Paper in Ubicomp 2015: “A Practical Approach for Recognizing Eating Moments with Wrist-Mounted Inertial Sensing”

September 8th, 2015 Irfan Essa Posted in ACM UIST/CHI, Activity Recognition, Behavioral Imaging, Edison Thomaz, Gregory Abowd, Health Systems, Machine Learning, Mobile Computing, Papers, UBICOMP, Ubiquitous Computing No Comments »

Paper

  • E. Thomaz, I. Essa, and G. D. Abowd (2015), “A Practical Approach for Recognizing Eating Moments with Wrist-Mounted Inertial Sensing,” in Proceedings of ACM International Conference on Ubiquitous Computing (UBICOMP), 2015. [PDF] [BIBTEX]
    @InProceedings{    2015-Thomaz-PAREMWWIS,
      author  = {Edison Thomaz and Irfan Essa and Gregory D. Abowd},
      booktitle  = {Proceedings of ACM International Conference on
          Ubiquitous Computing (UBICOMP)},
      month    = {September},
      pdf    = {http://www.cc.gatech.edu/~irfan/p/2015-Thomaz-PAREMWWIS.pdf},
      title    = {A Practical Approach for Recognizing Eating Moments
          with Wrist-Mounted Inertial Sensing},
      year    = {2015}
    }

Abstract

Thomaz-UBICOMP15.pngRecognizing when eating activities take place is one of the key challenges in automated food intake monitoring. Despite progress over the years, most proposed approaches have been largely impractical for everyday usage, requiring multiple onbody sensors or specialized devices such as neck collars for swallow detection. In this paper, we describe the implementation and evaluation of an approach for inferring eating moments based on 3-axis accelerometry collected with a popular off-the-shelf smartwatch. Trained with data collected in a semi-controlled laboratory setting with 20 subjects, our system recognized eating moments in two free-living condition studies (7 participants, 1 day; 1 participant, 31 days), with Fscores of 76.1% (66.7% Precision, 88.8% Recall), and 71.3% (65.2% Precision, 78.6% Recall). This work represents a contribution towards the implementation of a practical, automated system for everyday food intake monitoring, with applicability in areas ranging from health research and food journaling.

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Paper (2009) ACM CHI: “Videolyzer: Quality Analysis of Online Informational Video for Bloggers and Journalists”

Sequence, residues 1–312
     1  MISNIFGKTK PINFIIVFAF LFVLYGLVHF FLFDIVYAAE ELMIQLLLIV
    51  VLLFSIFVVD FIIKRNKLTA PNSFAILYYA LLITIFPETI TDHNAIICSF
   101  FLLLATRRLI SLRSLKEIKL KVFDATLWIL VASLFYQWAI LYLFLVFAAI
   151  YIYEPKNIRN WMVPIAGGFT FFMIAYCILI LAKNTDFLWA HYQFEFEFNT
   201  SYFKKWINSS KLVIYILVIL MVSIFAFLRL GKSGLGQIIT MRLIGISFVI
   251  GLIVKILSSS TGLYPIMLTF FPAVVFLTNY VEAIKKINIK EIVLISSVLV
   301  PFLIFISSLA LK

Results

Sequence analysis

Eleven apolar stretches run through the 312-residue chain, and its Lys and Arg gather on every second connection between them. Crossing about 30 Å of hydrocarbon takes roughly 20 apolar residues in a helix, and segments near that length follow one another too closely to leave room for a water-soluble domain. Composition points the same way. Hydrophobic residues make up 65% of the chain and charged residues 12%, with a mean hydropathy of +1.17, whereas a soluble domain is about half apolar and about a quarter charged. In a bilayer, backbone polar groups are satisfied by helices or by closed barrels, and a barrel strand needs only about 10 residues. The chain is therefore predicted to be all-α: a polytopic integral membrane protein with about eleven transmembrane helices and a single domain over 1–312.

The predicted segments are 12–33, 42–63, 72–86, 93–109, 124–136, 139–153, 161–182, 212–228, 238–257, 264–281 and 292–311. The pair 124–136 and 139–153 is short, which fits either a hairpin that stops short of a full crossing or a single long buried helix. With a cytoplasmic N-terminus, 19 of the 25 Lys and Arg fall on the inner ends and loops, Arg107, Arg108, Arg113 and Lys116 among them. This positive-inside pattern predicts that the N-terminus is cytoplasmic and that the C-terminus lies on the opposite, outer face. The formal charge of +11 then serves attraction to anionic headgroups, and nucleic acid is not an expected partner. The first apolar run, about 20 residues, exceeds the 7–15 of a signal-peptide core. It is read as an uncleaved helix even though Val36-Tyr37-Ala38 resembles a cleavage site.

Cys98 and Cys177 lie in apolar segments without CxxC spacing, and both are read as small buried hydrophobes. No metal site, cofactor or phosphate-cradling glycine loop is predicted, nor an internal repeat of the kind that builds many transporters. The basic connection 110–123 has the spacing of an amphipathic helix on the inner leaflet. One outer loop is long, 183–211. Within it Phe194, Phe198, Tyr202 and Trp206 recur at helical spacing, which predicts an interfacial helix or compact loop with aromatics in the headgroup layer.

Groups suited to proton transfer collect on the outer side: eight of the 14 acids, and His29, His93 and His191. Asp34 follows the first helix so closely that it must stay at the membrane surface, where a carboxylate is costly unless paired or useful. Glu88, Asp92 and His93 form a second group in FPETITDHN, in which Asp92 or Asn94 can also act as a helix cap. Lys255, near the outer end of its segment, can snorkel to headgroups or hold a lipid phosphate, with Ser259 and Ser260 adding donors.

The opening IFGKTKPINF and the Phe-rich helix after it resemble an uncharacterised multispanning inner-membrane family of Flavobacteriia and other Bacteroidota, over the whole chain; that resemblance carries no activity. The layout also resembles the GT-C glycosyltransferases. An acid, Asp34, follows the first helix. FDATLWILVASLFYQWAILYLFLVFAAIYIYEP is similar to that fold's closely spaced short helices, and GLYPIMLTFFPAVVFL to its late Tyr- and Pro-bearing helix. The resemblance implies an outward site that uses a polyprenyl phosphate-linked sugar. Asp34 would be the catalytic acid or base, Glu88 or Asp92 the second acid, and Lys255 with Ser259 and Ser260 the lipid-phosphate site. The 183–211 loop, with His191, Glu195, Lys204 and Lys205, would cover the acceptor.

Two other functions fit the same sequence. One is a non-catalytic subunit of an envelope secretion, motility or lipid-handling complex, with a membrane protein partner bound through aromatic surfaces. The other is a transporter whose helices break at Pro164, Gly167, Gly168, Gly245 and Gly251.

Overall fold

March 4th, 2009 Irfan Essa Posted in ACM UIST/CHI, Computational Journalism, Computational Photography and Video, Nick Diakopoulos No Comments »

N. Diakopoulos, S. Goldenberg, I. Essa (2009). “Videolyzer: Quality Analysis of Online Informational Video for Bloggers and Journalists.” ACM Conference on Human Factors in Computing Systems (CHI). April, 2009. [PDF] [Project Site] [Video(CHI 2009 – Digital Life New World – CHI 2009 Advance Program)

Abstract

Screen Shot of Videolyzer

Tools to aid people in making sense of the information quality of online informational video are essential for media consumers seeking to be well informed. Our application, Videolyzer, addresses the information quality problem in video by allowing politically motivated bloggers or journalists to analyze, collect, and share criticisms of the information quality of online political videos. Our interface innovates by providing a fine-grained and tightly coupled interaction paradigm between the timeline, the time-synced transcript, and annotations. We also incorporate automatic textual and video content analysis to suggest areas of interest for further assessment by a person. We present an evaluation of Videolyzer looking at the user experience, usefulness, and behavior around the novel features of the UI as well as report on the collaborative dynamic of the discourse generated with the tool.
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Poster: ACM UIST (2007) “NARC: The News Article Revision Comparator.”

October 26th, 2007 Irfan Essa Posted in ACM UIST/CHI, Computational Journalism, Nick Diakopoulos No Comments »

A. St. Clair, M. Fong, N. Diakopoulos, I. Essa. (2007) “NARC: The News Article Revision Comparator.” In Proceedings addendum of User Interface Software Technology (UIST). Newport, Rhode Island, October 2007 [Abstract] [Poster]

ABSTRACT

Currency of information in news consumption is an important facet of information quality which involves both the journalist providing updated information and the consumer being aware of updates and changes to the news stream. We are addressing information quality and currency in online news articles from the viewpoint of news consumption with the intent of reducing the consumption effort involved in getting the most up-to-date information on a breaking news story. The goal of this research is thus to develop a web-based user interface which (1) allows users to easily and quickly see updates to news articles online and (2) blends into existing consumption patterns by integrating into news websites. We have built NARC to address these issues by providing an integrated interface which allows users to quickly perceive changes to news
articles using an inline text visualization.

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